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>> Are you getting the right?>> Just weeks before Donald Trump take the Oath of Office. Another political pageant will be unfolding>>
in Hawaii. Shinzo Abe will become the first Japanese leader to visit Pearl Harbor in December. The site of his country's infamous surprise attack in 1941 that killed more than 2,000 people.
And drew America into World War II. The move is expected to boost Abe's popularity ratings at home. But as Reuters's Linda Sieg reports, there's a wider audience.>> It would appear that this does give Prime Minister Abe a good chance, a good opportunity. To send a message not only to the Asian region, including China.
That the US-Japan alliance is very strong. That the former wartime enemies are now the closest of allies. But also to send that message to President-elect Trump.>> Trump has rattled Tokyo. With comments that Japan should be paying more for US troops stationed there. And suggestions it should develop its own nukes.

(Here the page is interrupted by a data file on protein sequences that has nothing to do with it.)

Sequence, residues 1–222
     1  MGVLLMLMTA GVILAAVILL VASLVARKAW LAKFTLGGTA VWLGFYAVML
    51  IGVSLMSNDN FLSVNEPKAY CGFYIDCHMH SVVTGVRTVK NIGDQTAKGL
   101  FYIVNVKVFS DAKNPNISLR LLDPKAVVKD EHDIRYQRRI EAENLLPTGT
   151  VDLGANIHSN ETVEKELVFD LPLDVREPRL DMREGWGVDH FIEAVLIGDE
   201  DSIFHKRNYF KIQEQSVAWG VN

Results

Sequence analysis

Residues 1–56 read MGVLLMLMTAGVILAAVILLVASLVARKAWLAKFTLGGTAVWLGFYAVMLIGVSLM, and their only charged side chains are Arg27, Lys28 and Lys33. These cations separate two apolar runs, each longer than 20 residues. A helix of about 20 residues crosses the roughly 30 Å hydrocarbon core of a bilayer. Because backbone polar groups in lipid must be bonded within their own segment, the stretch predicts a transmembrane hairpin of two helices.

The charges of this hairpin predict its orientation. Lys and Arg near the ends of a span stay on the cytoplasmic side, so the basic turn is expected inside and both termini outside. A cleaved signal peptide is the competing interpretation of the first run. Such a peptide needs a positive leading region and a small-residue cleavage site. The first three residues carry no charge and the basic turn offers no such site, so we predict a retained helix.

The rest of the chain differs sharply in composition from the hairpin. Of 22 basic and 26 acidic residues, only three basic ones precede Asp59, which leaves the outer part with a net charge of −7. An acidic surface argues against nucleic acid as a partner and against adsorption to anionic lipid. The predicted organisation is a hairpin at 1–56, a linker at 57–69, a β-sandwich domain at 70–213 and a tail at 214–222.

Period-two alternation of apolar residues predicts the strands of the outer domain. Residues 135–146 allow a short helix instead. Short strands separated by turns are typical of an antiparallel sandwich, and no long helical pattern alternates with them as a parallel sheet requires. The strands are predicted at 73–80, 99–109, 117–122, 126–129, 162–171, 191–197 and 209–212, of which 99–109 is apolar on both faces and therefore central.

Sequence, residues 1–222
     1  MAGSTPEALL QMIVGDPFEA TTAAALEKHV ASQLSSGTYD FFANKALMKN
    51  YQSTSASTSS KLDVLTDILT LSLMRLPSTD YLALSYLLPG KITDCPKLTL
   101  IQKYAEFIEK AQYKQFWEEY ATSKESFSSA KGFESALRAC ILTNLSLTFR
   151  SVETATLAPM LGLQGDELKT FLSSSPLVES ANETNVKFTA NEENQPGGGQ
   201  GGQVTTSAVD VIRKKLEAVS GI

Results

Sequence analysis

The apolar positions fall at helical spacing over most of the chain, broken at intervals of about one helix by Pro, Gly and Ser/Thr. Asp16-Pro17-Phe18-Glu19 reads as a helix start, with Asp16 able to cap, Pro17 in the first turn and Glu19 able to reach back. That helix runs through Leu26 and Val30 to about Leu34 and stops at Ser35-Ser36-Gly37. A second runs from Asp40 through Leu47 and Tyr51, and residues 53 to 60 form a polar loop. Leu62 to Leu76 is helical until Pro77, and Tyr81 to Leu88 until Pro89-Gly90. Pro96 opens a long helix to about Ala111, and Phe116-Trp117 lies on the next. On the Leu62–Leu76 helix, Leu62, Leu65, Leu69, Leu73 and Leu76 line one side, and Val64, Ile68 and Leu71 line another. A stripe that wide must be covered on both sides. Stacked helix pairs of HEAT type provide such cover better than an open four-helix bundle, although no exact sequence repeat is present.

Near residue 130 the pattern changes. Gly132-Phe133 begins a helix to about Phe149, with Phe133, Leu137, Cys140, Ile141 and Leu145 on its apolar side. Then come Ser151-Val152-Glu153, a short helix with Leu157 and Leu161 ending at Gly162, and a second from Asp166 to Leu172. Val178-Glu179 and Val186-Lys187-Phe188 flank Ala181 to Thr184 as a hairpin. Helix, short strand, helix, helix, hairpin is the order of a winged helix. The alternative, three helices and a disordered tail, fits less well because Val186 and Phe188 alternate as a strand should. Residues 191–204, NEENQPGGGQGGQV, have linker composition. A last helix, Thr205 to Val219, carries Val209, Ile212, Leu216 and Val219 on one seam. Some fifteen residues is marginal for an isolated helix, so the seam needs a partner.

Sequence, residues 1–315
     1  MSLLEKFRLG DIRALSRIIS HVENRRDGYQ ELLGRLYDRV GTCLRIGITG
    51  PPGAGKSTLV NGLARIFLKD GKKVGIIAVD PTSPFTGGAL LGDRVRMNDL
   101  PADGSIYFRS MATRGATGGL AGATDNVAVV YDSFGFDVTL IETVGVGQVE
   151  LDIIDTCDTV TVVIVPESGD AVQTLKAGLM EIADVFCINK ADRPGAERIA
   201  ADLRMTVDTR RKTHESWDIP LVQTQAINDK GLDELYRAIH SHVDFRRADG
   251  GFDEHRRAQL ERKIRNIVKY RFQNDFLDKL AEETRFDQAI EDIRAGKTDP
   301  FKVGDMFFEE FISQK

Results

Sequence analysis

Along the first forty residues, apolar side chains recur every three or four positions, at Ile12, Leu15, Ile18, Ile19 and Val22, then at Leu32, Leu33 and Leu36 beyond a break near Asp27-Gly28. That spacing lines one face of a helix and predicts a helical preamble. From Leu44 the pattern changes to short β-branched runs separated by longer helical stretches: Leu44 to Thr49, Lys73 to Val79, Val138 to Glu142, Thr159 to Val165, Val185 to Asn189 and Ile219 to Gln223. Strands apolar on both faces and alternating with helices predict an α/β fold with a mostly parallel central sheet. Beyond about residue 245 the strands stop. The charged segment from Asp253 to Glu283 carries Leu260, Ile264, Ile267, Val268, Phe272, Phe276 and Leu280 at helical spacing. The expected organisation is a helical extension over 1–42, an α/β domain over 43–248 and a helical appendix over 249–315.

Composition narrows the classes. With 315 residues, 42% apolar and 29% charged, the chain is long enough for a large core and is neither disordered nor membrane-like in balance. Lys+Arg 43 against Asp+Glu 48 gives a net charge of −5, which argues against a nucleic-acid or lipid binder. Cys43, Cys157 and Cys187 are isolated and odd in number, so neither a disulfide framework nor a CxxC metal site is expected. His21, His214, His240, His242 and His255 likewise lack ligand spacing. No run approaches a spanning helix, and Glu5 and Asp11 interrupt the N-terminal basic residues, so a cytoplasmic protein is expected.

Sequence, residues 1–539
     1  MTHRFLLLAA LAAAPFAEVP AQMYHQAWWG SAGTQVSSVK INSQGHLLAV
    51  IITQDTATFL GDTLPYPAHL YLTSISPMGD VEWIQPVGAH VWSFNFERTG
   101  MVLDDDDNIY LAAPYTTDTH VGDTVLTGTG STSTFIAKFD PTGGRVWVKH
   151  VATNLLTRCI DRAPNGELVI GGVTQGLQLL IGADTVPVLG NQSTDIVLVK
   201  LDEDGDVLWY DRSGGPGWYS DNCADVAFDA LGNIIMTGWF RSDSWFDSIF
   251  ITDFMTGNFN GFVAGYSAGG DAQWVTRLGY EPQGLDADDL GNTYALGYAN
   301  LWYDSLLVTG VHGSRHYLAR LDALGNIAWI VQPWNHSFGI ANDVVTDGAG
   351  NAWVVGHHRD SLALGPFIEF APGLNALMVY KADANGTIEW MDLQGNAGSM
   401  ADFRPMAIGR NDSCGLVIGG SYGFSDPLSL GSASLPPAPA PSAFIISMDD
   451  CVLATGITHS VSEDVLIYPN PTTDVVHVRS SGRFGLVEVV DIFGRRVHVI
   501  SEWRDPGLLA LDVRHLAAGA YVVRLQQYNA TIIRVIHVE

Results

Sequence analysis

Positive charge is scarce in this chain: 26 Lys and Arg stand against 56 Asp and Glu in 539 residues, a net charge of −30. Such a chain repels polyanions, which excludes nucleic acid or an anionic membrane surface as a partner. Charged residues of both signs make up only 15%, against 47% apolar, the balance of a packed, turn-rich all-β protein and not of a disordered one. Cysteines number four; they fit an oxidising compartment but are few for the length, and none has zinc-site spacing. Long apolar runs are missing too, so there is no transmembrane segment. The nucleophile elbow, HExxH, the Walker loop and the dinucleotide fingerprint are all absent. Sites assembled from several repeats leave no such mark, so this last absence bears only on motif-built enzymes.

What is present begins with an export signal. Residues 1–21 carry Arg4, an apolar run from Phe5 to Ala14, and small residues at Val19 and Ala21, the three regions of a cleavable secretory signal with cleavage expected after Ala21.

A departure from Barack Obama's more touchy-feely approach to ties. The US president laid the groundwork for Abe's Pearl Harbor visit. When he visited Hiroshima earlier this year. Laying a wreath for those who died in America's 1945 atomic bomb attack.>> Most Japanese very much appreciate the president's visit to Hiroshima.
And that this seems an appropriate step on the Japanese side. To hopefully to some extent lay to rest some of the history issues. That have continued to haunt both countries and also Asia more generally. Even though it's now 71 years after the war.>> Under Abe, Japan's defense forces are the strongest they've been since the war.
But he's also been willing to touch on the country's painful past. He says the visit to Pearl Harbor is a chance to pray for the victims. Although his spokesman says he will stop short. Of apologizing for Japan's role in the bloodiest war in history.